Satcom Direct, a leading retailer of satellite communications services for aviation, continues to line up deals that should ensure the Melbourne, Fla.-based company suffers few, if any, negative effects from the ailing economy.
Satcom system maker TrueNorth Avionics last month introduced a two-channel airborne telephone system for the cabin called Simphone Prelude that is designed for installation in light jets and turboprops. It is based on Simphone equipment for large jets and features the company’s ClearCall technology, menu-driven handsets and all-digital architecture.
It’s a success story borne of utter failure. Iridium, after the bankruptcy of the original company (which meant a write-off by parent Motorola of the $5 billion it cost to field a 66-satellite low-earth-orbit constellation), said it expects to post a small profit this year on the strength of its commercial services.
“I want what I want, when I want it.” It sounds like the petulant voice of a pampered diva, or a corporate executive with delusions of grandeur. Actually, it’s pretty much any of us. Perhaps not in such a demanding fashion, but we’d all like to have what we want when we want it. And that is pretty much the driving force behind business aircraft cabin furnishings and equipment.
Deliveries of the first RCOM-100 satphone equipment, designed for use with the Globalstar Satellite system, will begin this November, Arnav Systems announced at NBAA 2002. As detailed at the Puyallup, Wash. company’s exhibit (Booth No.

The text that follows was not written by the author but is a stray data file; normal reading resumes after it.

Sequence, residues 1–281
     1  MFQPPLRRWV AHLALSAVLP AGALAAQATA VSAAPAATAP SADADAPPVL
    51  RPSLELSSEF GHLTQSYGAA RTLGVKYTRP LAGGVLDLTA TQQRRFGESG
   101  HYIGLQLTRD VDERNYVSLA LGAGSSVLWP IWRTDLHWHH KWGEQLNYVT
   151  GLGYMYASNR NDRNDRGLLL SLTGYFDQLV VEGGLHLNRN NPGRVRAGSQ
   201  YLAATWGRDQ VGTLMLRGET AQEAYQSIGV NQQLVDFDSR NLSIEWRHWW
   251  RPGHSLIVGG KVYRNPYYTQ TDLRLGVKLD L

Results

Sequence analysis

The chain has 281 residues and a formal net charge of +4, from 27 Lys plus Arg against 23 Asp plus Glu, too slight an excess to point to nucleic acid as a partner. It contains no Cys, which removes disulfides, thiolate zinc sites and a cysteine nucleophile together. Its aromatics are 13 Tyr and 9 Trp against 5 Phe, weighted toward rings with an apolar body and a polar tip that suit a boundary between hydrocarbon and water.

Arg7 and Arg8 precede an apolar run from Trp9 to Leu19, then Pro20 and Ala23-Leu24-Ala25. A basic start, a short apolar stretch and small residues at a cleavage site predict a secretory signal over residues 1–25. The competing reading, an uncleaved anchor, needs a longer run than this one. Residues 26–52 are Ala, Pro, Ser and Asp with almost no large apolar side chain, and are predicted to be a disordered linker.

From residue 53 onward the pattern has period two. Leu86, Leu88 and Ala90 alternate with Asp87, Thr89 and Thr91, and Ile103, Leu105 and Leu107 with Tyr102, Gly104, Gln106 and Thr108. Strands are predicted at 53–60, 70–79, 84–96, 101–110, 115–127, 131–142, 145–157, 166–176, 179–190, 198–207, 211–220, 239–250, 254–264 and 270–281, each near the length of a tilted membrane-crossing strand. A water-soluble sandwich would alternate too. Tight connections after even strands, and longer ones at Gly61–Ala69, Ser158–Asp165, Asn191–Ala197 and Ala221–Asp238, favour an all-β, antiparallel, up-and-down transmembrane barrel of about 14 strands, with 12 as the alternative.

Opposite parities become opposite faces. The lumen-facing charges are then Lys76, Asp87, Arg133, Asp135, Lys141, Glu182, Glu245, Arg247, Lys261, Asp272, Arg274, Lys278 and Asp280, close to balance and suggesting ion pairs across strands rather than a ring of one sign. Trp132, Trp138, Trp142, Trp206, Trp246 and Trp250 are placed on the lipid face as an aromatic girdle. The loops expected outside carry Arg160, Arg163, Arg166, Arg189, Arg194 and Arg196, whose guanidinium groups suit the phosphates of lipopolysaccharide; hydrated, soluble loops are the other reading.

Less than a year after Blue Sky Network (BSN) declared at NBAA ’01 its intent to provide general aviation with more affordable satcom technology, its CEO, Jon Gilbert, is in Orlando announcing FAA certification and deliveries of airborne equipment.
Icarus Instruments of Tokoma Park, Md., has introduced SatTalk II, a low-cost satcom system that uses the Iridium network of satellites to route calls around the globe. The $6,000 system consists of a Motorola Series 9505 portable telephone, aircraft-mounted docking station and external antenna. The satphone can be removed from its docking station and used on battery power on the ground away from the airplane.
Icarus Instruments, the company that gave aviation its first sub-$10,000 satcom system, has unveiled the Sky Connect satphone, a 2.4-gHz cordless handset for use in business aircraft cabins and cockpits. According to Steve Silverman, Icarus president, Sky Connect was developed to provide a low-cost satcom option to the cabin-class market.
Some three months after an enthusiastic announcement, cabin-entertainment specialist Airshow of Tustin, Calif., and low-cost satellite data provider GlobalStar have halted development of high-speed airborne Internet services in light of GlobalStar’s increasingly desperate financial situation.
Cordless cabin telephony with global connectivity at an affordable price is the promise of Belgium’s Orb’Phone, a division of Euro GSM.
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